From: arXiv.org e-Print archive
Posted: Thursday, November 9, 2017
Biomolecules can be synthesized in interstellar ice grains subject to UV radiation. Here I consider the processes in such ice grains from the perspective of getting to the machinery of life. I show that the large dose of UV radiation per molecule over sufficiently long time scales leads to the creation of large percolation clusters of organic molecules. The cluster will have a large network of pores traversing its entire length, which eventually collapses into small local networks (chambers).
During the formation of the solar system, some of these clusters would end up in proto-planets. The chambers of the cluster provided for micro-environments that are filtered versions of the outside environment, with the deeper chambers getting a more filtered environment. Periodic heating and chemical potential differences between chambers can drive processes involving systems of biomolecules replicating themselves.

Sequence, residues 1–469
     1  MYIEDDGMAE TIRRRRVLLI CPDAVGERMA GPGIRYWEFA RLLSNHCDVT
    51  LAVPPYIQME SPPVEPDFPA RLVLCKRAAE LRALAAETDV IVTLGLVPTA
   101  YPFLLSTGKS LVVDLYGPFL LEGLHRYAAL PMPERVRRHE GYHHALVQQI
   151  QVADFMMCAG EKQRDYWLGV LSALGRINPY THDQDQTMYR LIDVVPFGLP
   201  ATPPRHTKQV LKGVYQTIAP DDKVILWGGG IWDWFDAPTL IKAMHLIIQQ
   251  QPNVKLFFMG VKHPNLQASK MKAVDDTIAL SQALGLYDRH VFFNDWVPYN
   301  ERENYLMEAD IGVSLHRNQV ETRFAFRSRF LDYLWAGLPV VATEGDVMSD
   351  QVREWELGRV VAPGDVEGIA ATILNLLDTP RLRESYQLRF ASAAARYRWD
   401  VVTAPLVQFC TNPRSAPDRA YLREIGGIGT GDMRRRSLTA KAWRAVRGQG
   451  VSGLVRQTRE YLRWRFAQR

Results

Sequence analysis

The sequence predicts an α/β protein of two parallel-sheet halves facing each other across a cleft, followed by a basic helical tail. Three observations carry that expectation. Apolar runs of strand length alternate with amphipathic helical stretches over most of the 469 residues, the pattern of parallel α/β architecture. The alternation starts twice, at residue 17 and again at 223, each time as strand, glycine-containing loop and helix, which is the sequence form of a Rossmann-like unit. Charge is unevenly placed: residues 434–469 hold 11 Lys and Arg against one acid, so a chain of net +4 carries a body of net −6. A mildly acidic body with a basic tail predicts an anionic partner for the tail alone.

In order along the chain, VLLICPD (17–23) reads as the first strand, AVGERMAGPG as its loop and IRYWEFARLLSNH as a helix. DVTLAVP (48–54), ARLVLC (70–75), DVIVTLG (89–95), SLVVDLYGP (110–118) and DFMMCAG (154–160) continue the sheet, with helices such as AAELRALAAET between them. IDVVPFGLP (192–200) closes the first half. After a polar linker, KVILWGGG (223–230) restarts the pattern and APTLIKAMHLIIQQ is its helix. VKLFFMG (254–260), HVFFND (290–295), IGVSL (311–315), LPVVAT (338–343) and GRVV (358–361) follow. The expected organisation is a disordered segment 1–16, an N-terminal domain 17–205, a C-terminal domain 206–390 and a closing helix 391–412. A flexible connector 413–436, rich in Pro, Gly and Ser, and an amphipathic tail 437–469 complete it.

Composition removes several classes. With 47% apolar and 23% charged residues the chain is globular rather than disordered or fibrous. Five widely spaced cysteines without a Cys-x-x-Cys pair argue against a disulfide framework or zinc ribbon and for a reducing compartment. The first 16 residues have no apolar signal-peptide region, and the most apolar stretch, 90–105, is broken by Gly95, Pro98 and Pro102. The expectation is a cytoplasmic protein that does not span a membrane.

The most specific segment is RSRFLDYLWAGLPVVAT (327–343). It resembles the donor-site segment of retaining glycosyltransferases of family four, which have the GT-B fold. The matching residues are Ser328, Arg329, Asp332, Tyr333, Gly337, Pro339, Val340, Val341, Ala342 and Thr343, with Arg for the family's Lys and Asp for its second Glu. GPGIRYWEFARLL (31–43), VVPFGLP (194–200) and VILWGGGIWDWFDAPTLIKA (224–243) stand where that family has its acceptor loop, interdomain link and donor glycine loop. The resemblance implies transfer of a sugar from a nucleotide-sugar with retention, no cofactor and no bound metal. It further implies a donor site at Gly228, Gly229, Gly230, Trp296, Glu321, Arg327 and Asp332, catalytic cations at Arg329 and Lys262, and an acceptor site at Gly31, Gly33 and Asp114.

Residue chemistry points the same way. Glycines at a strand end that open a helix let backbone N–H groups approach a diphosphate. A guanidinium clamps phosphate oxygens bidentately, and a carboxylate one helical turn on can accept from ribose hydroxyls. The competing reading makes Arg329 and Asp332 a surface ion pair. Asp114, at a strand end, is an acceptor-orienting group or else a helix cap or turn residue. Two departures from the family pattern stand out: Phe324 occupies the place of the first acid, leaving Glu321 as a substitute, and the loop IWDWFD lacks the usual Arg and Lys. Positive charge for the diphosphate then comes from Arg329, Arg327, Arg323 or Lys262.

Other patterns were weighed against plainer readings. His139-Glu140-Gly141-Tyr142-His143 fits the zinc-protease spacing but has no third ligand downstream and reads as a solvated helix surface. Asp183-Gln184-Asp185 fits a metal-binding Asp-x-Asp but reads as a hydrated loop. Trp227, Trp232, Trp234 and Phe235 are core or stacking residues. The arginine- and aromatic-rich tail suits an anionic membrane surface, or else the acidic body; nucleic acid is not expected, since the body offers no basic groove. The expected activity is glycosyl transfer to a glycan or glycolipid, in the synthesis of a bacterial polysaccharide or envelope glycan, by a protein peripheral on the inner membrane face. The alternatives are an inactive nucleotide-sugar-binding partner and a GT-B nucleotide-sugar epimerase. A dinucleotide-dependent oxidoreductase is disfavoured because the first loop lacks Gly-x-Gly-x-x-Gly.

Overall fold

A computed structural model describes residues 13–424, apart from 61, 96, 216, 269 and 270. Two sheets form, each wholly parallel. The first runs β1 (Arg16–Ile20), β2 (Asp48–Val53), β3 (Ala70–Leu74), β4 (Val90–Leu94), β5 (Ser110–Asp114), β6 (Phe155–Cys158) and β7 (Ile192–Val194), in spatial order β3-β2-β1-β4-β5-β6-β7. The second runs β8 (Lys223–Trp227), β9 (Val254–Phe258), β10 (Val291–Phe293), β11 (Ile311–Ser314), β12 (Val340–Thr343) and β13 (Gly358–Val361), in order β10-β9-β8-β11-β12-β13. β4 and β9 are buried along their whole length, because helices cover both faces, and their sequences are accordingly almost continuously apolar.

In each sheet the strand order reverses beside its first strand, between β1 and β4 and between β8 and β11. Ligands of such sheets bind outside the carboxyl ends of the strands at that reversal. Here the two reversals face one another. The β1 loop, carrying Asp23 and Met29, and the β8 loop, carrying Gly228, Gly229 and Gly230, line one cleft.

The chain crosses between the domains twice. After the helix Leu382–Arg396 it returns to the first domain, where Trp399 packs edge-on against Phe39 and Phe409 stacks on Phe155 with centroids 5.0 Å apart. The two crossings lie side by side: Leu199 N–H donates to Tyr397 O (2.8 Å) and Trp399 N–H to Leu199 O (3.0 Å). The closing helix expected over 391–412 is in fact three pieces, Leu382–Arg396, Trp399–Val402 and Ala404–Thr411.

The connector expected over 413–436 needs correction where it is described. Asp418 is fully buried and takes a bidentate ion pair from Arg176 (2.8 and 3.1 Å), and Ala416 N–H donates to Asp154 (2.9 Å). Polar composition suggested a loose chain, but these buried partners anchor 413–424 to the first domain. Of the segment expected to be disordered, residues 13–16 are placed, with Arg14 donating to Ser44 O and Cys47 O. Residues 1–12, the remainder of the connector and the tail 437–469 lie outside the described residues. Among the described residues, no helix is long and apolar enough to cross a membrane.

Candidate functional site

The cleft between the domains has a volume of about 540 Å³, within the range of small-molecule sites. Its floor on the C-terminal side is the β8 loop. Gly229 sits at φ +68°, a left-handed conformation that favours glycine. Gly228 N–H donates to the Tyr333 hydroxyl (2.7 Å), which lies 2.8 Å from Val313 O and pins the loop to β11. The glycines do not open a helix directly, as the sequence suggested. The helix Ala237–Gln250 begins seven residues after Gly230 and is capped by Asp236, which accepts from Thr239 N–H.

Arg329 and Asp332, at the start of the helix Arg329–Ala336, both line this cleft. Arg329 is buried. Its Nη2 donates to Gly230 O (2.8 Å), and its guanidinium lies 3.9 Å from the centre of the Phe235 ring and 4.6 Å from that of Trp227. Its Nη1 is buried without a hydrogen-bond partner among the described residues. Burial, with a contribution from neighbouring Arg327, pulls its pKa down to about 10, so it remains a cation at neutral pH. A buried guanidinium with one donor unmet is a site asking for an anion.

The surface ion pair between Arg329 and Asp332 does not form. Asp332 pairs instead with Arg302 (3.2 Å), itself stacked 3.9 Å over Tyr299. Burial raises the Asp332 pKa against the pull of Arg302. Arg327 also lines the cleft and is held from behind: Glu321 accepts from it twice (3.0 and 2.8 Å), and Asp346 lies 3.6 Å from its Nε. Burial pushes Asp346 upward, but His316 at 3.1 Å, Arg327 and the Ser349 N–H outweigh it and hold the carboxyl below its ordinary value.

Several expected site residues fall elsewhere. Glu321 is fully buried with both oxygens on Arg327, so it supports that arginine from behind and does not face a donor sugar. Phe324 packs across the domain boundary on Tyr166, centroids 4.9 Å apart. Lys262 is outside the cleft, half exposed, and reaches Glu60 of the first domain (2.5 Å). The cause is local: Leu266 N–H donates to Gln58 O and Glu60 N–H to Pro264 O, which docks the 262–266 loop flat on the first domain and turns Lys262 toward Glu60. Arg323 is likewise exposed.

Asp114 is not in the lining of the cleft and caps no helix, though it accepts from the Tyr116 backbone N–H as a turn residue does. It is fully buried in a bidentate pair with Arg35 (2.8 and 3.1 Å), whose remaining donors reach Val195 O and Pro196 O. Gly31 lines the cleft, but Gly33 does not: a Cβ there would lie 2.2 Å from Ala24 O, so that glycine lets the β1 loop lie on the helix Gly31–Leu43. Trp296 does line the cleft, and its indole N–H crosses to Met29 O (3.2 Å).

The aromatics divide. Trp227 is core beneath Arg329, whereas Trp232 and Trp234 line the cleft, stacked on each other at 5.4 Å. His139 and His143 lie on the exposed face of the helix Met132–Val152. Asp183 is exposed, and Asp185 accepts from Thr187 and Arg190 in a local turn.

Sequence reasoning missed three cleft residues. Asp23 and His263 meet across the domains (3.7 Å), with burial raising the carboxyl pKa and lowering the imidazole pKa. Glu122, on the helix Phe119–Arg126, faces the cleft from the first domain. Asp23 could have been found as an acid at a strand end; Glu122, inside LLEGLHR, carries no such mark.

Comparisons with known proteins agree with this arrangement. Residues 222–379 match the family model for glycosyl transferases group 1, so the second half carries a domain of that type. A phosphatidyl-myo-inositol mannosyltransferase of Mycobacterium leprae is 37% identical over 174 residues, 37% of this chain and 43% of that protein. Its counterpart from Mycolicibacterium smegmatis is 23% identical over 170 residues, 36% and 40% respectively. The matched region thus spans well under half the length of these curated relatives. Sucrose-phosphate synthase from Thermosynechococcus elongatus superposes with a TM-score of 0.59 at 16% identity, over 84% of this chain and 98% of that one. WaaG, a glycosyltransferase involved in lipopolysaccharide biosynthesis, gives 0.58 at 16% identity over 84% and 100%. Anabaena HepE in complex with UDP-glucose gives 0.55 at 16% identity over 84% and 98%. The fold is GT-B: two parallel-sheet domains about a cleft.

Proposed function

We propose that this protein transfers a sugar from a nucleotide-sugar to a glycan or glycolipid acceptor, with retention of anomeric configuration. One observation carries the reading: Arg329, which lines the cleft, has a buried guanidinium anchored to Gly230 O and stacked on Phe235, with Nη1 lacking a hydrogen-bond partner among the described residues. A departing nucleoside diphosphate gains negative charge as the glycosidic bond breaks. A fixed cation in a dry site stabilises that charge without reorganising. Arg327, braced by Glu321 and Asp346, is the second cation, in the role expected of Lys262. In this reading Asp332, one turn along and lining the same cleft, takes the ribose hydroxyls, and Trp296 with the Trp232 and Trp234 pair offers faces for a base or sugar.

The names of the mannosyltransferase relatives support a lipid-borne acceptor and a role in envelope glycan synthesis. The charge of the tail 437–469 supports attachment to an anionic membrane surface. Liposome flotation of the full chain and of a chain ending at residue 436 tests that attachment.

The micro-environmental differences between chambers being small, allows such systems to get easily adapted to new higher level chambers, allowing them to eventually get adapted to the outside environment as it moves toward the outer regions of the cluster. Small clusters will likely be present inside such a system playing the role of reaction chambers. Such a system contained in a lipid membrane would be fully fledged microbe. A collision of a microbe containing proto-planet with the Moon could have led to chunks veering off back into space, microbes in small fragments can survive a subsequent impact with Earth.
(Submitted on 3 Nov 2017)
Comments: 10 pages
Subjects: Earth and Planetary Astrophysics (astro-ph.EP); Biological Physics (physics.bio-ph)
Cite as: arXiv:1711.01945 [astro-ph.EP] (or arXiv:1711.01945v1 [astro-ph.EP] for this version)
From: Saibal Mitra
[v1] Fri, 3 Nov 2017 10:01:41 GMT (704kb,D)
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